Spent primary batteries are known to contain metallic compounds that could be of value if recycled as well as harmful to man and the environment if not properly disposed. Also, the recovery of these value metals from the used batteries can reduce limited natural resource (ore) depletion. This research was carried out to investigate the recovery potential of Zinc and Manganese from spent zinc-carbon battery paste. Spent battery samples were collected around Samaru area of Sabon-gari LGA of Kaduna State. The samples were crushed, ground, sieved, washed and oven-dried. Quantities of dry samples were taken for x-ray fluorescence (XRF) analysis and chemical digestion. Chemical digestion (leaching) was done by studying some variable parameters: acid concentration, reducing agent concentration, temperature, stirring speed, solid-liquid ratio and time. Leached samples were then filtered and the filtrate taken for quantitative analysis of dissolved metals using atomic absorption spectrophotometer (AAS) analysis. Results show traces of heavy metals (lead, mercury and cadmium) and also significant amount of zinc and manganese in the solution. The optimum conditions for selective dissolution of zinc was found to be 2M nitric acid concentration, 10% hydrogen peroxide, 600C, 400rpm, 1:5 S/L and 1.5hrs, which yielded 4788.323mg/lit. For manganese, it was 1M nitric acid, 5% hydrogen peroxide, 600C, 400rpm, 1:5 S/L ratio and 1.5hrs giving a yield of 18042.67mg/lit while the optimum condition for simultaneous dissolution of zinc and manganese was found to be 1M nitric acid concentration, 5% hydrogen peroxide, 600C, 400rpm, 1:5 S/L ratio and 1.5hrs with a yield of 1225.648mg/lit zinc and 18042.67mg/lit manganese. The study therefore, showed that there is reasonable potential of zinc and manganese recovery from spent zinc-carbon battery.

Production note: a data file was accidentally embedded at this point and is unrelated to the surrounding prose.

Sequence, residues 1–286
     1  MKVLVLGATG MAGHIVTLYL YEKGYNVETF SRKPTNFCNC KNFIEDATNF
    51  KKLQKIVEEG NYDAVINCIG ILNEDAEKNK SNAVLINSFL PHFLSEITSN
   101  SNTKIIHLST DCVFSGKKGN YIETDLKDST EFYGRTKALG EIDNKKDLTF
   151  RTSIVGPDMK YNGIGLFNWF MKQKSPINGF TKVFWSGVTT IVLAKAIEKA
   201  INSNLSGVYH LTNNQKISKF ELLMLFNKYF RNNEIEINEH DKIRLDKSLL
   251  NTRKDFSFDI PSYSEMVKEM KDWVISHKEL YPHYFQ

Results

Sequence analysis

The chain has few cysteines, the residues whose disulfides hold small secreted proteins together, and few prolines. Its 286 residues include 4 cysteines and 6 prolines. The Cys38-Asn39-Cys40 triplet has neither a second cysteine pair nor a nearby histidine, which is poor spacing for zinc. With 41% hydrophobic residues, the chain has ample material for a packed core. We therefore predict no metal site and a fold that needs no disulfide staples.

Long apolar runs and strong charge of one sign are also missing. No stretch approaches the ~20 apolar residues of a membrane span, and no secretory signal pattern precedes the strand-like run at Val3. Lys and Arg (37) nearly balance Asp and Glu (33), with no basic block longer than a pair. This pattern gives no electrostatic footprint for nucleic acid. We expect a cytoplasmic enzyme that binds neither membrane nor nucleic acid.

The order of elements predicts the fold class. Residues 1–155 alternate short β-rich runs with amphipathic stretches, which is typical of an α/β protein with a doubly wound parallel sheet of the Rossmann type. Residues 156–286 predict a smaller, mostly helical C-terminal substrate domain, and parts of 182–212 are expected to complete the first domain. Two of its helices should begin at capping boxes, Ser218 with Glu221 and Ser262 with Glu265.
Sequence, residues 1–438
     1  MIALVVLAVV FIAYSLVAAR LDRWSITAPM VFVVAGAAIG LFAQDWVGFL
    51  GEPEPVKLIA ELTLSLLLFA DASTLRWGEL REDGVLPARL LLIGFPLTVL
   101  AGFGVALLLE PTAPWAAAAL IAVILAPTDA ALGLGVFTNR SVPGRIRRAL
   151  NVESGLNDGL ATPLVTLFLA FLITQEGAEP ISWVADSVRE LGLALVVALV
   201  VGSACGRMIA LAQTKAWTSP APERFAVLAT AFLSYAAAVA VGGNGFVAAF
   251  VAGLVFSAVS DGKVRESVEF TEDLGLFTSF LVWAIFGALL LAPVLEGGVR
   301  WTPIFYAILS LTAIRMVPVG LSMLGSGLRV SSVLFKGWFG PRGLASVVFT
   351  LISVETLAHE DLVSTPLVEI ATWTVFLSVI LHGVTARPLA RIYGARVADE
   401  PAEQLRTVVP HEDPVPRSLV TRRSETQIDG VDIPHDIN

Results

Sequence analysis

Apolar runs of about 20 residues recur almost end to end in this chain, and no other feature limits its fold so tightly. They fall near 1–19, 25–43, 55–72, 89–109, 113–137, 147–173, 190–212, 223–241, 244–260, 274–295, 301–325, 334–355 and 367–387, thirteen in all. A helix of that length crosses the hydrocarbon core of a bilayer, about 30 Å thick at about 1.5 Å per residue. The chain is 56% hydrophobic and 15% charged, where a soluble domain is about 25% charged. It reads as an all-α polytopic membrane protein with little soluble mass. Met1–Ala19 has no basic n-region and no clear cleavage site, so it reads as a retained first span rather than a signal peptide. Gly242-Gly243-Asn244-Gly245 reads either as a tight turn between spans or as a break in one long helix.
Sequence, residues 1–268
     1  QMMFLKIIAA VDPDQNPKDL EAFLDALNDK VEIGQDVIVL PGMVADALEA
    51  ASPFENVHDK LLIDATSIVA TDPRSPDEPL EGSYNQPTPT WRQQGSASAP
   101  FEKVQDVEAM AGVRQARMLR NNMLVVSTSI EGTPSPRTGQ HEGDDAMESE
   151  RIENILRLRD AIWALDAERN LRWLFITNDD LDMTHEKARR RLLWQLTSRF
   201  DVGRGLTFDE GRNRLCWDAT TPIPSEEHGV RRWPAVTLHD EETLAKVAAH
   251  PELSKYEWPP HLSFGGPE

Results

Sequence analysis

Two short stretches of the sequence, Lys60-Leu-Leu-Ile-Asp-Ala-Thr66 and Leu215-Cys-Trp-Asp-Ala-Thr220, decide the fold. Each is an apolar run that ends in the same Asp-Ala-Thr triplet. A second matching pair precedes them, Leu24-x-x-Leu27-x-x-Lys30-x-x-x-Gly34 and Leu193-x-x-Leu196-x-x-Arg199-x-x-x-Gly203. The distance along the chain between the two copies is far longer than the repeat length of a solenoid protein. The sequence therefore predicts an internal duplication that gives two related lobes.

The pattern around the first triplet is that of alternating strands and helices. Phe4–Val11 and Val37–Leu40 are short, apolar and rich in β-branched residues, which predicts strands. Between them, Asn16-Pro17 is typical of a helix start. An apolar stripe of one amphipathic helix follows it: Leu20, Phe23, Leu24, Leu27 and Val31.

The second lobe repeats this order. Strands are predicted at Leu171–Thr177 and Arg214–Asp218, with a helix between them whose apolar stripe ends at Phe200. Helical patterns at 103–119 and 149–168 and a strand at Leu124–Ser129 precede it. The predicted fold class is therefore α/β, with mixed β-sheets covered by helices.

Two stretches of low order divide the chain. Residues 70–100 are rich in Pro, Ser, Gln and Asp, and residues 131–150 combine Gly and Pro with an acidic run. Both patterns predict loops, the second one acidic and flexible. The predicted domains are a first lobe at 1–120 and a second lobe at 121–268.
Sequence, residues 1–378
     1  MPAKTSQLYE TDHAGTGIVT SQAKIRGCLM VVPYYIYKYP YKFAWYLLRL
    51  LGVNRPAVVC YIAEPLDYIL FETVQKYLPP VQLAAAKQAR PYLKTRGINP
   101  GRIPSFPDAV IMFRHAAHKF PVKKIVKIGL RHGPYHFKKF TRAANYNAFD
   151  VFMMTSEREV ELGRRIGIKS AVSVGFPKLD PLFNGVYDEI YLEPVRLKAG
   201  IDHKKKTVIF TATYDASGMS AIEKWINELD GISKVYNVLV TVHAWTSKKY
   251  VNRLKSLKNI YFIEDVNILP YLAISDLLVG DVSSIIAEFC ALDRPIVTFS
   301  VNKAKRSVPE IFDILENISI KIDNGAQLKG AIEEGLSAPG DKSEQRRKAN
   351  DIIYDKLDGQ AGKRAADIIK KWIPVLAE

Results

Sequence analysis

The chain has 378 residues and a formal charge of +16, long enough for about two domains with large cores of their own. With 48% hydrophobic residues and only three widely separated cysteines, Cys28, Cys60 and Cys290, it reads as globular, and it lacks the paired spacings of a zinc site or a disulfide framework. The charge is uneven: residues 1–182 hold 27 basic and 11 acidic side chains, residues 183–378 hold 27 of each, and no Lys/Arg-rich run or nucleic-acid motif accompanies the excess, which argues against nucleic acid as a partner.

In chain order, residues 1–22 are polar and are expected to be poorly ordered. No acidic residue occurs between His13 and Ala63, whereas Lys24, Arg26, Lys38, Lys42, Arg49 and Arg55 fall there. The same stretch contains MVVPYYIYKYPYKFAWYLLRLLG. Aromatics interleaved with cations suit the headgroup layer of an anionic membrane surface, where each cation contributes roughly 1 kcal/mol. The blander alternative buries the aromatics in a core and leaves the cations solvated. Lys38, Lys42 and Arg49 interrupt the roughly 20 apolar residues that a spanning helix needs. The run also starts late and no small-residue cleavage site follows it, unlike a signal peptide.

1.1       Background to Study
Large amount of primary cell batteries are discarded annually across the globe. In most West African countries, zinc-carbon and alkaline-zinc-manganese dioxide batteries have traditionally been the most popular among the rural folks and lately among the low to middle income populace in the urban areas owing to erratic power supply (Dankwah et al., 2015).

Primary batteries are the most common household portable energy source. They are also known as single-use batteries because they cannot be recharged and are disposed of after use, therefore, are considered the most common source of household hazardous wastes. The environmental impact of battery is not limited to the waste stream. Environmental impacts occur in the production, distribution and end-of-life phases of the batteries. Single-use batteries have significant environmental impact at every stage of their life cycle. Secondary batteries are rechargeable as they can be used repeatedly upon being recharged. Recharging occurs when electrical current is applied to the battery, reversing the chemical reactions that occur during battery use (Linden and Reddy, 2002).

Owing to its popularity and short lifespan, spent primary cells such as zinc-carbon and alkaline-zinc-manganese dioxide batteries can considerably function effectively as energy source to power household gadgets such as flash lights, television remote controls, radio receivers, etc. if recycled (Dittrich et al., 2012).